• Lie on your back after sex. “Because the vagina naturally slopes downward, resting on your back after sex allows sperm to pool there, which gives them an edge in swimming toward your egg,” says Dr. Williams. Should you keep your legs elevated, too? It can’t hurt, he says, but it probably doesn’t help any more than lying down does.
  • Have sex before bed. Though some sources report that sperm count is highest in the morning,5 the truth is that there’s no optimal time of day to have sex in terms of sperm count. However, having sex before you hit the hay is an easy way to ensure you stay on your back afterward.
  • Keep it vanilla(ish). While there’s no single sex position that’s best for conceiving, try sticking to one where you’ll be on your back when it’s over.

Step 5: Avoid Baby-Making Mistakes

To increase your odds of getting pregnant fast naturally, you’ll want to avoid these things:

  • Smoking. According to the U.S. Food and Drug Administration (FDA), tobacco negatively impacts fertility for both men and women.6
  • Alcohol. You already know to avoid alcohol during pregnancy, but it also pays to stop drinking before conception, because chronic and prolonged intake may adversely impair your fertility. 7 Also, by saying “no” to alcohol, you won’t accidentally drink before knowing you’re pregnant.
  • Caffeine. While you don’t need to completely eliminate caffeine, excessive amounts (more than 200 milligrams per day) can make it harder to conceive—though it’s important to note that research isn’t conclusive. 8
  • Excess stress. Your menstrual cycle could be thrown off by too much stress, which impacts ovulation. But again, the research linking stress and infertility is conflicting, and you should talk to your health care provider for more information. 9
  • Strenuous exercise. Experts recommend maintaining a moderate exercise regime while trying to conceive. That said, long-term extreme exercise habits (like those of professional athletes) can increase the risk of anovulation and irregular menstruation.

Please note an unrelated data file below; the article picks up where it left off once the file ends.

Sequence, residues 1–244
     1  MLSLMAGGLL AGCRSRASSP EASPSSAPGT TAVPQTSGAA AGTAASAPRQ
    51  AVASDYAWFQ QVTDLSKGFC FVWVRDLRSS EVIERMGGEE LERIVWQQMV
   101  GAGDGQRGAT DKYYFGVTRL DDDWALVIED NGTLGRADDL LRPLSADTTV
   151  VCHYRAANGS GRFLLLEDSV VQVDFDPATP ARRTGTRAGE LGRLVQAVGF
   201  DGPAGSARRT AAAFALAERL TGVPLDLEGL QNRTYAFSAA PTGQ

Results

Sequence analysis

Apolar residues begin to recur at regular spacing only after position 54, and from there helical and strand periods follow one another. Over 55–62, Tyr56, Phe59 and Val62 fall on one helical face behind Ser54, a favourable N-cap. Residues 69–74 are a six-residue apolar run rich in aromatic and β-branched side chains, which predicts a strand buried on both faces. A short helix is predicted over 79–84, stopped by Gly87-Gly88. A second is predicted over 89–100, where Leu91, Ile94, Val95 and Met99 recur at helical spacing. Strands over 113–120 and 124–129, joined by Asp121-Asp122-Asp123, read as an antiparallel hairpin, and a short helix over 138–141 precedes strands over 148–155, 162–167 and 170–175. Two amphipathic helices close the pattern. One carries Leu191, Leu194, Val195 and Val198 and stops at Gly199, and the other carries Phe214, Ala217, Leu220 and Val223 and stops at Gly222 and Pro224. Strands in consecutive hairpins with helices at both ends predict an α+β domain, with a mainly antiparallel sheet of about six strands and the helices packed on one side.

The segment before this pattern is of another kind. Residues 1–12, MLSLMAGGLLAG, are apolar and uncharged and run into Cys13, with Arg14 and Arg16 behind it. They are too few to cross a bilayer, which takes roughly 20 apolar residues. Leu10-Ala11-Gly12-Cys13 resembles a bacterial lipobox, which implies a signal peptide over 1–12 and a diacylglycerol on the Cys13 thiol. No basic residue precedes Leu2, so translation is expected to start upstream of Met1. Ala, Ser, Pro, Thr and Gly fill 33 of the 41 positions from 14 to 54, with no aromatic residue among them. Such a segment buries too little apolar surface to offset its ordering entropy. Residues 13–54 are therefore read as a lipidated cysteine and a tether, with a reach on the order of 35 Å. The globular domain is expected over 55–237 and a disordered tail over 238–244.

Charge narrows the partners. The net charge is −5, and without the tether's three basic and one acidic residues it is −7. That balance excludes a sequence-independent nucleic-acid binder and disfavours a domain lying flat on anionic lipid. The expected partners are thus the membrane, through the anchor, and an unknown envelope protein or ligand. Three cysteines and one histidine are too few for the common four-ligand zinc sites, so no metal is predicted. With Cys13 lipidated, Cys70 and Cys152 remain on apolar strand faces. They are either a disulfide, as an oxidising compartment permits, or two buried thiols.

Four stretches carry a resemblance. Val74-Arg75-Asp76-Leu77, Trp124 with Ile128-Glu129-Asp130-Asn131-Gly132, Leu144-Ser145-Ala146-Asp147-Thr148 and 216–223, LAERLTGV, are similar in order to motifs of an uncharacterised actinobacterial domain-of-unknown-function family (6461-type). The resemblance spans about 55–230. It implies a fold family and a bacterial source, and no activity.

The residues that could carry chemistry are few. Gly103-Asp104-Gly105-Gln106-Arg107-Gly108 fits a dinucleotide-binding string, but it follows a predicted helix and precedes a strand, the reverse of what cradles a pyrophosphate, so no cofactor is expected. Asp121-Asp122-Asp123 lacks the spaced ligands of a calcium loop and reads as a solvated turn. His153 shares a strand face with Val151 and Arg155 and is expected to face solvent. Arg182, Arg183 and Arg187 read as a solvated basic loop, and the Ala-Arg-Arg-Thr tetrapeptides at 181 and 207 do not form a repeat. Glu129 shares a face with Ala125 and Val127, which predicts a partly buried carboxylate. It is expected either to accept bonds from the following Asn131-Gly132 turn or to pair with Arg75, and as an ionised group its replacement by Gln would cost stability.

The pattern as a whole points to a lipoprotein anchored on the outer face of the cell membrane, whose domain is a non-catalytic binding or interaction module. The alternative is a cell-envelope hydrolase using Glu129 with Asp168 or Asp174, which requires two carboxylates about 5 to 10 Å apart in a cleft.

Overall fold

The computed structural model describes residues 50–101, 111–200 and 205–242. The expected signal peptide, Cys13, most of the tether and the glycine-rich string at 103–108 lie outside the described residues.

• Unhealthy diet. Along with exercise, a nutritious diet can help you maintain a healthy weight while trying to conceive. This is important because obesity has been linked to diminished reproductive health and delayed conception. 10
  • Lube, according to some experts. When it comes to baby-making sex and strategies for getting pregnant fast, some experts recommend avoiding certain personal lubricants. Couples may think lube helps sperm move more quickly, but some research suggests lubricants might actually hinder your pregnancy efforts.11 That’s because many formulas can alter the pH balance in the vagina and decrease sperm mobility. Even so, conception sex should be as stress-free as possible, so reach for the lubricant if it makes things more pleasurable for you!

Step 6: Take a Pregnancy Test

If you’re hoping to get pregnant fast, you may wonder how soon you can take a pregnancy test. Home pregnancy tests work by detecting levels of human chorionic gonadotropin (hCG) in your urine. Levels of this pregnancy hormone, produced by the placenta, rise in early pregnancy

Tests marketed as “early result” or “early response” may be more sensitive at detecting lower levels of hCG, usually a few days before a missed period. Keep in mind that testing too early can yield a “false negative” result—when the test says you’re not pregnant, but you really are.

In these cases, your body isn’t producing enough hCG yet to be detected by the test. Waiting and testing again a few days after your missed period will give more accurate results. The earlier you confirm a pregnancy, the sooner you can see a health care provider and start prenatal care.

Step 7: Try Again

As much as you may wish, there’s no magic remedy for getting pregnant fast. How long it takes to get pregnant depends on many things, from your age and health history to your unique menstrual cycle and lifestyle factors. While it’s possible to conceive on your first try, most people try for several cycles before getting that positive pregnancy test.

In fact, data shows that more than half of healthy couples conceive within six months of trying to get pregnant,12 and about 75% of couples in their early thirties conceive within one year.13

If you don’t have a positive pregnancy test this time around, you’re not alone. Most experts advise seeing a fertility specialist if you don’t conceive within 12 months of trying if you’re under 35 without health or fertility problems (or after six months if you’re over 35).14 But that doesn’t mean that you can’t consult with a health care provider sooner.

If you have any concerns or simply want to give yourself the best chance of conceiving quickly, don’t hesitate to make a preconception appointment with your health care provider.